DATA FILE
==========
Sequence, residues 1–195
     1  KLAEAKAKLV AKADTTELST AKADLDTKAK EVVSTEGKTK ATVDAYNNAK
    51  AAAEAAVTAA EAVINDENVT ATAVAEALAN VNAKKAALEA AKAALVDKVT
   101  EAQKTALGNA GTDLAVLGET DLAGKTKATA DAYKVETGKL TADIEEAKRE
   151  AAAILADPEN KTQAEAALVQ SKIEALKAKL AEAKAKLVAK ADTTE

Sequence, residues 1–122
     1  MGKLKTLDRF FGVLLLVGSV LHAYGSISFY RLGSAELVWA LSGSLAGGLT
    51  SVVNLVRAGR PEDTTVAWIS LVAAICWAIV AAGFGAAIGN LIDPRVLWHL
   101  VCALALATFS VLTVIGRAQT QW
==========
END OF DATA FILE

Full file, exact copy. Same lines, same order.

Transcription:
Sequence, residues 1–195
     1  KLAEAKAKLV AKADTTELST AKADLDTKAK EVVSTEGKTK ATVDAYNNAK
    51  AAAEAAVTAA EAVINDENVT ATAVAEALAN VNAKKAALEA AKAALVDKVT
   101  EAQKTALGNA GTDLAVLGET DLAGKTKATA DAYKVETGKL TADIEEAKRE
   151  AAAILADPEN KTQAEAALVQ SKIEALKAKL AEAKAKLVAK ADTTE

Sequence, residues 1–122
     1  MGKLKTLDRF FGVLLLVGSV LHAYGSISFY RLGSAELVWA LSGSLAGGLT
    51  SVVNLVRAGR PEDTTVAWIS LVAAICWAIV AAGFGAAIGN LIDPRVLWHL
   101  VCALALATFS VLTVIGRAQT QW